In New Zealand Pacific communities mourn victims of fishing tragedy

The Kaipara Harbour is said to be the largest natural harbour in the southern hemisphere.

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Bill McNatty, owner of The Francie, died along with seven others. play

Bill McNatty, owner of The Francie, died along with seven others.

(Stuff)
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The New Zealand Police on Monday said seven men from three Pacific island nations were among the eight killed in a weekend boating tragedy in the north of New Zealand.

A Police statement identified the men aged 31 to 59 as four Tongans, two Cook Islanders and a Samoan, who were part of New Zealand’s Pacific island population.

One of the men, Taulagi Afamasaga, 59, from Samoa was still missing, but was presumed drowned.

However, the search would continue for the missing man.

It said that the eighth man to die was skipper Bill McNatty.

Three men survived the accident after being thrown into rough seas, with two reportedly plucked from the water by a rescue helicopter and one making it to shore.

The Transport Accident Investigation Commission (TAIC) has launched an investigation into the cause of the accident, which happened on Saturday just outside the Kaipara Harbor, north of Auckland.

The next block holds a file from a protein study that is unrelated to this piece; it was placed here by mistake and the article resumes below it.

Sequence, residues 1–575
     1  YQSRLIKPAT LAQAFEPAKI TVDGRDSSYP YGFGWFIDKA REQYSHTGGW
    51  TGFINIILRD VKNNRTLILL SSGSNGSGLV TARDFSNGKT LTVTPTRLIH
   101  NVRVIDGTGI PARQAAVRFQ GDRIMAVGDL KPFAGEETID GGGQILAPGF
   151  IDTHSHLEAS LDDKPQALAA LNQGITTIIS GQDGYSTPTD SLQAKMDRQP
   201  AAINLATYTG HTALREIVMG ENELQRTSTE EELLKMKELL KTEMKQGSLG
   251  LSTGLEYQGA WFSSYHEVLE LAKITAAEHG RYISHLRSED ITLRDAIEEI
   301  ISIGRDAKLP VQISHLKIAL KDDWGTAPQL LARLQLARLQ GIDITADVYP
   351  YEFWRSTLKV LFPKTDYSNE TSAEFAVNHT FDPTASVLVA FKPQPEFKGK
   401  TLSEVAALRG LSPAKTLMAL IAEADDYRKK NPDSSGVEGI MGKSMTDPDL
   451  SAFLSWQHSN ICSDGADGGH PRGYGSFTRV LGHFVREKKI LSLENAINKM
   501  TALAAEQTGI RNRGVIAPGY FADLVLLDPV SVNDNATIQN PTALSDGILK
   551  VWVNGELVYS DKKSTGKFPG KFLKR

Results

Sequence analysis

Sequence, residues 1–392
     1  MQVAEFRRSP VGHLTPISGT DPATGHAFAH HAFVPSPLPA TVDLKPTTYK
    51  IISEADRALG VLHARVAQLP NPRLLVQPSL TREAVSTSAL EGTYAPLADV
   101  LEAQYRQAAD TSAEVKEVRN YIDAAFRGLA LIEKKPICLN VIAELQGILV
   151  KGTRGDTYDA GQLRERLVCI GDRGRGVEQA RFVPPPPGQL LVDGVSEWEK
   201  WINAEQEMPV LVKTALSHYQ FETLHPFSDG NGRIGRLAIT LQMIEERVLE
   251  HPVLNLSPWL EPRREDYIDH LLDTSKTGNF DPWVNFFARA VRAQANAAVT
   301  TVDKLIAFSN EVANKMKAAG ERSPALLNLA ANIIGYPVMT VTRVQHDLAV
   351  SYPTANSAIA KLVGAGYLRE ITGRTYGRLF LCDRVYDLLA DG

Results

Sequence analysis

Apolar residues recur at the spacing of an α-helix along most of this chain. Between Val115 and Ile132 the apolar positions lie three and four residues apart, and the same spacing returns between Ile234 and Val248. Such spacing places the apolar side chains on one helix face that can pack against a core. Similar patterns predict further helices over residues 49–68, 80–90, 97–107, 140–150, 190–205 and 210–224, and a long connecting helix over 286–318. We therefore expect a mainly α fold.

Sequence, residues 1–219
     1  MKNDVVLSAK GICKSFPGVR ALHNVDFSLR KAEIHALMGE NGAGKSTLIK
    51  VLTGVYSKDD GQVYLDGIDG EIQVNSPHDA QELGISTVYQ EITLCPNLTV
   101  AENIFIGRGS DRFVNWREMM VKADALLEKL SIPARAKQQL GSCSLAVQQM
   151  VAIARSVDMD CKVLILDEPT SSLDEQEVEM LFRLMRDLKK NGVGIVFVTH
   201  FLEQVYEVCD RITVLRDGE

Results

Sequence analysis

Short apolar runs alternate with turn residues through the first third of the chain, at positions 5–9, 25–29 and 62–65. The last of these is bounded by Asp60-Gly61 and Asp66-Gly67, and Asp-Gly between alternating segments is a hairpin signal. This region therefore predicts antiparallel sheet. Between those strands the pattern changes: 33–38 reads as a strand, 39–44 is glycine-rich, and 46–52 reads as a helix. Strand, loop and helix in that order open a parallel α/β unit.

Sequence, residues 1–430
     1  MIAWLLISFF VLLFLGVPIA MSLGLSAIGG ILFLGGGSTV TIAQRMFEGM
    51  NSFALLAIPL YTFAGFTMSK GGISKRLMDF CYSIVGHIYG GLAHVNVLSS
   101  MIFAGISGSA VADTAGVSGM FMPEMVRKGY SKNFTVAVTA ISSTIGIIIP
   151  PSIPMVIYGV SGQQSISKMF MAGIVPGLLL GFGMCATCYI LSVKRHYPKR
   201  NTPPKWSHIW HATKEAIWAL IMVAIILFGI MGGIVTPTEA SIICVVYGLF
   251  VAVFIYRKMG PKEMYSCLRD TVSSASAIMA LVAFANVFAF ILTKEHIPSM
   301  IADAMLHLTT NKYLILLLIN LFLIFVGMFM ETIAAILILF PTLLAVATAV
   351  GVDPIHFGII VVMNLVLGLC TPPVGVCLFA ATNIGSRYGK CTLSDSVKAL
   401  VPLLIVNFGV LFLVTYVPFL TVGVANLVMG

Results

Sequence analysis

“There are a number of people we need to interview, we also need to work around the family arrangements for those who lost their lives in this tragic accident.

“This is not an easy time for those families,’’ TAIC chief investigator Capt. Tim Burfoot said in a statement.

The group of 10 Pacific island men had reportedly hired McNatty and his charter boat, which was capable of carrying 20 people, for a fishing expedition.

Questions were being raised on Monday as to why none of the men were found to be wearing life jackets and why McNatty had decided to cross one of the most dangerous stretches of water in New Zealand in bad weather.

The Kaipara Harbour is said to be the largest natural harbour in the southern hemisphere.

However, shipping has been abandoned long ago, because the harbour entrance is notoriously dangerous and has claimed many wrecks.

The entrance, known as the Kaipara Bar, is narrow and its shifting sands make it unpredictable.

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